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July 15, 2014
The amendment creates an exceptionalism only enjoyed by African leaders. It shields them and their cronies from accountability. This obnoxious law must be challenged by all persons of good will.
The rights of leaders are always tempered and balanced by their duty and obligation to protect the rights of citizens. All acts of a leader must be carried out within agreed legal frameworks.
This decision by the AU leaders is gross abuse of power and a dereliction of duty. ICC’s difficulties in prosecuting Heads of State do not translate into extending immunity to all African leaders.
On Friday, 4 July 2014, the African Union (AU) amended the Protocol on the Statute of the African Court of Justice and Human Rights to provide for blanket immunity from prosecution for African leaders and their ‘senior government officials’.
The language of the amended Protocol is clear and succinct: “No charges shall be commenced or continued before the court against any serving African Union Heads of State or Government, or anybody acting or entitled to act in such capacity, or other senior state officials based on their functions, during their tenure of office.”
The language of the Protocol protects a broad range of perpetrators. It extends unfettered immunity from criminal prosecution in any jurisdiction in Africa. The amendment also creates an “exceptionalism” that is enjoyed only by African leaders. It shields the leaders and their cronies from accountability. This obnoxious law must be challenged by all persons of good will.
It is regrettable that other democratic states in Africa, such as South Africa, Namibia, Tanzania, Ghana and Senegal did not stand shoulder to shoulder with Botswana to oppose this antiquated law.
Instead, they allowed themselves to join the ranks of unsavoury dictatorship like Egypt, Uganda, the Democratic Republic of the Congo (DRC); other failing states such as Somalia, Mali, Libya, Niger, Central African Republic (CAR); and ungovernable states like Nigeria whose writ does not cover northern Nigeria, thanks to Boko Haram. These undemocratic states have ceased to represent the interests of their people or to act on their behalf.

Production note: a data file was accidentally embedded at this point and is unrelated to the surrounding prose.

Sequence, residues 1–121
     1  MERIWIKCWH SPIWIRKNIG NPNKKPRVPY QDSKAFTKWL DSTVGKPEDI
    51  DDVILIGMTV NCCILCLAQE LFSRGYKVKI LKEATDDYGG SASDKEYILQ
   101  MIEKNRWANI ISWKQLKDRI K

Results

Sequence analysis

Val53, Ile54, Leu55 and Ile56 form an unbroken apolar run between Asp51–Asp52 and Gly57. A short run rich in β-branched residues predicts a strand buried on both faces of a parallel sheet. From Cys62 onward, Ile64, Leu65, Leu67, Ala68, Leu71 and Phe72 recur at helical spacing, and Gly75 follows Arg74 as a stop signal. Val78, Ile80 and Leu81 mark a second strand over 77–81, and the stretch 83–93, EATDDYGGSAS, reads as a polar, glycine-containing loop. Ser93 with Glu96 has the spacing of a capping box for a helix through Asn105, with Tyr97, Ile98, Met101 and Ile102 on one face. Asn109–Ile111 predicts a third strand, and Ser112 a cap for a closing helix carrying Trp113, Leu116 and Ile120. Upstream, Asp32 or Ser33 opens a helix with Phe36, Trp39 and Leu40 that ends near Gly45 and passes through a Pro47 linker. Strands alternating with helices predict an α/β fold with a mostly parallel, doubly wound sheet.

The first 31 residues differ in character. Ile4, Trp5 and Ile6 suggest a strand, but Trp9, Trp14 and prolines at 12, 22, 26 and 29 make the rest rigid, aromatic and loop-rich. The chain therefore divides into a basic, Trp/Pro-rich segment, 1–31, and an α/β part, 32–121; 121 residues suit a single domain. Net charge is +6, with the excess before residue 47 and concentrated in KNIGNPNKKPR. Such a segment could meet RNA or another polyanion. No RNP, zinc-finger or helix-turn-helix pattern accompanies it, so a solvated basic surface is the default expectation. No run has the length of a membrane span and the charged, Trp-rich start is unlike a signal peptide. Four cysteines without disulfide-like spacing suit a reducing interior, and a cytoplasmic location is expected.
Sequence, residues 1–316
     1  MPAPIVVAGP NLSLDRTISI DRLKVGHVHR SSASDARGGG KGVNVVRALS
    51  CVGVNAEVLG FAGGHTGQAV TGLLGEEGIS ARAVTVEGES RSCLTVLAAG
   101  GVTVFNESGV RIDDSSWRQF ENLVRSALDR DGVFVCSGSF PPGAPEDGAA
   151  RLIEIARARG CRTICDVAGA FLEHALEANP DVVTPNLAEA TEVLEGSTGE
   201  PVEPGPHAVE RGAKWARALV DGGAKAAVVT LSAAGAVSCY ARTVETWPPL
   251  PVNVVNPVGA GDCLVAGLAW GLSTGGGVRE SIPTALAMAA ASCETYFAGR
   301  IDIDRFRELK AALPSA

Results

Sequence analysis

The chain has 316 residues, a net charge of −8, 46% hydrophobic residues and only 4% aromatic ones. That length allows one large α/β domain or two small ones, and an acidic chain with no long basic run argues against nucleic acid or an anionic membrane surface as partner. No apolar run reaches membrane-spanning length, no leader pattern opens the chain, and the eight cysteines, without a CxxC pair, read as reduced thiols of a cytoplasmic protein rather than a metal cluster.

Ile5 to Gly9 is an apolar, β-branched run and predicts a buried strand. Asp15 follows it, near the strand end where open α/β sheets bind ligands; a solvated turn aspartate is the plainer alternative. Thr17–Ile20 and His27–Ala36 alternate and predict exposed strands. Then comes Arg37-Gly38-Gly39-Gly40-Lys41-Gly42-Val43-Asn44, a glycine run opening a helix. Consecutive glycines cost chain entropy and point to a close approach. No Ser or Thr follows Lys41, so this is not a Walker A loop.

In democratic countries, the lines between the citizens and the state are based on recognition of a citizen’s individual rights which is then framed in terms of what the state needs to do to protect those rights. The state, through its leadership, neither murders its citizens, nor gets away with it subsequently.
The rights of leaders are always tempered and balanced by their duty and obligation to protect the rights of its people. All acts of a leader must be carried out within agreed legal framework. Leaders who fail to follow the law must be accountable for their actions before courts of law. The Protocol adopted by the African leaders on 4 July, turned this basic legal principle on its head.
The new ‘impunity law’ ignores Africa’s history of the 1970s, 80s, and 90s when military dictatorships and one-party state’s governments brutalized their citizens without any form of accountability. Some of these ‘criminal’ leaders of the 70s, 80s, and 90s are still in power today and were instrumental in the adoption of the ‘impunity law’.
More recently, between 2000 and 2014, more than 6 million civilians were murdered in the DRC by its government and the governments of neighbouring states after invading the DRC; in South Sudan, troops from neighbouring states have joined the blood-letting. It is some of these criminal acts that are the forces behind the ‘impunity law’.
Africa cannot close its eyes and hide behind the facts that Bush and Blair have not been prosecuted and therefore African leaders should not be prosecuted. Charity begins at home, and it is important that Africa puts its house in order before it begins finger pointing at leaders of foreign nations.